By Toshia Humphries, M.Ed., M.A.
Individuals who struggle with addiction often look for people or circumstances to blame for their situation. Active addiction requires denial of a problem and lack of complete accountability. Therefore, those who are active in the disease typically deny personal responsibility and blame family—dysfunctional or not—spouses or significant others, work or lack thereof, stress, etc., for their substance abuse.
Of course, any good treatment counselor will challenge the idea that factors outside an individual’s control force them to use and abuse substances. In fact, individuals in recovery are typically well-versed in the concept of internal locus of control—the notion that each person is in control of their own behaviors and choices regardless of external factors or circumstances. Yet, there is some validity to the suggestion that parenting plays a significant role in active addiction, and it’s a truth that may be hard to swallow.
Parenting is a challenge regardless of circumstance. However, when your kid is an addict, the parent role can become a confusing one. It is difficult to know what to do, how to help or if you can assist in any way at all. Of course, there’s also the potential to question whether mistakes or lapses in parenting were to blame for the onset of the disease in the first place.
With regard to the latter, the answer is a resounding no. Though accountability is a character trait everyone should possess, there is never a reason nor is it healthy to be over-responsible—accepting accountability for personal behaviors and for the choices of others as well. Every individual, including parents, has free will and therefore possesses the ability to choose their actions and reactions in any given circumstance.
However, parents often make one drastic error which can contribute to the onset of substance abuse, active addiction and certainly enable the progression of the disease. In simple terms and according to Dr. Carl Andersen, Founder of the Center for the Study of Addiction & Recovery at Texas Tech University, this potentially fatal mistake is known as the perversion of parenting—the idea that a parent’s job is to raise a happy child. Ideally and conversely, a parent’s task is to launch a healthy adult; a distinction which becomes quite clear in the face of active addiction.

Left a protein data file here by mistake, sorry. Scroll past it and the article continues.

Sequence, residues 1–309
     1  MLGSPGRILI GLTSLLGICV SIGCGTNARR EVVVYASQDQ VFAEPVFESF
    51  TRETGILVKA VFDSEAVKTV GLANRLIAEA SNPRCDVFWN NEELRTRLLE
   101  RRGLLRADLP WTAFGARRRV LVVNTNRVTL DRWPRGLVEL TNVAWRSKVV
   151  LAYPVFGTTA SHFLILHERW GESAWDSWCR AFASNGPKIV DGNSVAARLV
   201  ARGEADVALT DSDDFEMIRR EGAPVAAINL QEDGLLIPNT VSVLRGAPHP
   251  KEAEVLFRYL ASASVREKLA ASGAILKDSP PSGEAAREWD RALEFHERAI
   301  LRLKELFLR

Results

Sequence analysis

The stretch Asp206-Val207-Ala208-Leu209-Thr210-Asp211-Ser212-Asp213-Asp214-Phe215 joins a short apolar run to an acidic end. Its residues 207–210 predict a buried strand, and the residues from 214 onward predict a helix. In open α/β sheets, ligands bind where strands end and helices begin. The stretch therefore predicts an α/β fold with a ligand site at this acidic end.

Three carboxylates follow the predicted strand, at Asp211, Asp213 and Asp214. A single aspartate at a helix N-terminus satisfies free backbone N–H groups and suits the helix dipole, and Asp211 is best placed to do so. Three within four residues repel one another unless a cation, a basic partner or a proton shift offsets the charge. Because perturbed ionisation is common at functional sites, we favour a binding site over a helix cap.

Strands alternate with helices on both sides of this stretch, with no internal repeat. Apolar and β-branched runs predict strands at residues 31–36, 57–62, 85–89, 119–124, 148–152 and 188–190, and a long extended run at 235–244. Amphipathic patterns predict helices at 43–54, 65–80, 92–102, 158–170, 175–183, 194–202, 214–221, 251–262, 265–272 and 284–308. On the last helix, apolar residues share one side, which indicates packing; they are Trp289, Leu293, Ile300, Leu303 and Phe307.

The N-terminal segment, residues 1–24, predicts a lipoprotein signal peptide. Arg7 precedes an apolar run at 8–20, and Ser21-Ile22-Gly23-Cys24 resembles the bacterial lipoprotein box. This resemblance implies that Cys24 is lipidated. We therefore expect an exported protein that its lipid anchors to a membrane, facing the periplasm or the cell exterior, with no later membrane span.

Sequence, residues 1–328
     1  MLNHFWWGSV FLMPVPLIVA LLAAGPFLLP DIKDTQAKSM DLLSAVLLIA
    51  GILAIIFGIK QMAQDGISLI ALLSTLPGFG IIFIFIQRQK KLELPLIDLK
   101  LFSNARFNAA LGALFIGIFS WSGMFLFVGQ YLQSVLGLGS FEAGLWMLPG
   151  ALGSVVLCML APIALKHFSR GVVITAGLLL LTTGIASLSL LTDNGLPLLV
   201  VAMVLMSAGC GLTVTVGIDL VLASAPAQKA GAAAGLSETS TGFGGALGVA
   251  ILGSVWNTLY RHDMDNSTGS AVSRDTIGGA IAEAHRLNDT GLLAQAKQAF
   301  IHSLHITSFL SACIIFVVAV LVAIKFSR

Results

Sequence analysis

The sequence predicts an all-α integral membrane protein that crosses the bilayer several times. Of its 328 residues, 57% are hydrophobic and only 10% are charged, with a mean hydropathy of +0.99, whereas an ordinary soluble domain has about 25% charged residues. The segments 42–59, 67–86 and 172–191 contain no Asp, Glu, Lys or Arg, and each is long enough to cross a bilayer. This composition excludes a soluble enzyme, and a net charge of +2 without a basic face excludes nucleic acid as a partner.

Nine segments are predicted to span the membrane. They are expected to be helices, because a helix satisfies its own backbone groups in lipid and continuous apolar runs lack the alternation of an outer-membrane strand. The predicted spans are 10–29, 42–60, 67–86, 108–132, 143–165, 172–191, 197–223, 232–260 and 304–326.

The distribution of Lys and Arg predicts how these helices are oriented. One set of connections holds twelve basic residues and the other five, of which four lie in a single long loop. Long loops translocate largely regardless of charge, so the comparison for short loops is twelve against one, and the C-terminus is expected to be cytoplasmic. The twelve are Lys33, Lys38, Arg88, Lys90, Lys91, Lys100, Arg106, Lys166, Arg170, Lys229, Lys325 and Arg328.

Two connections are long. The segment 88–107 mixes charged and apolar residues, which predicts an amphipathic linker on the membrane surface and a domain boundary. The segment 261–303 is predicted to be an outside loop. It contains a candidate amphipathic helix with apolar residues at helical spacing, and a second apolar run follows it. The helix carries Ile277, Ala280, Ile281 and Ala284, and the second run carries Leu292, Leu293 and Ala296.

When parents confuse their role and seek to keep their children happy, they do not set needed boundaries, impose necessary structure, hold their kids accountable by enforcing rules, providing consequences or following through with verbal contracts regarding negative choices and resulting repercussions. Therefore, these parents deny their children the ability to grow, gain emotional maturity, learn and master interpersonal relationship and life skills and acquire personal responsibility. Additionally, this passive or lenient style of parenting teaches entitlement, developmentally stunts and emotionally handicaps kids. The resulting lack of ability to appropriately cope with the ebb and flow of life can easily lead to negative reactions and self-sabotaging behaviors including but not limited to substance abuse.
As substance abuse progresses into the disease of addiction, these resulting character flaws advance accordingly as well. Manipulation, victimization, distortion, denial of accountability, blame, etc., all become amplified and utilized as means of defending and perpetuating the disease. Unfortunately and all too often, parents continue striving to return their child to a happy state by submitting to their will and supplying wants and necessities—clothing, shelter, food and money.
The latter prevents negative consequences from occurring often enough or lasting the duration needed to provide the active addict with a desperate desire to change. In other words, these parents offer the safety net which catches their addicted kids just prior to hitting rock bottom—the place active addicts need to be in order to contemplate the need for professional help. And, sadly, this cycle of rescue and repeat has devastating effects on the parents and ultimately results in the active addict’s demise.
In this way, it is quite possible for parents to literally love their kids to death. As such, it is vital for parents—especially those with kids in active addiction or recovery—to constantly remind themselves of their sole task; to launch a healthy adult. This requires they teach their children personal boundaries, cause and effect, accountability, communication, conflict resolution and other interpersonal and life skills without regard for the child’s happiness or gaining popularity as a parent. Additionally, focusing on this task will prevent codependency and ensure the distinction between love, enabling and ultimately life and death.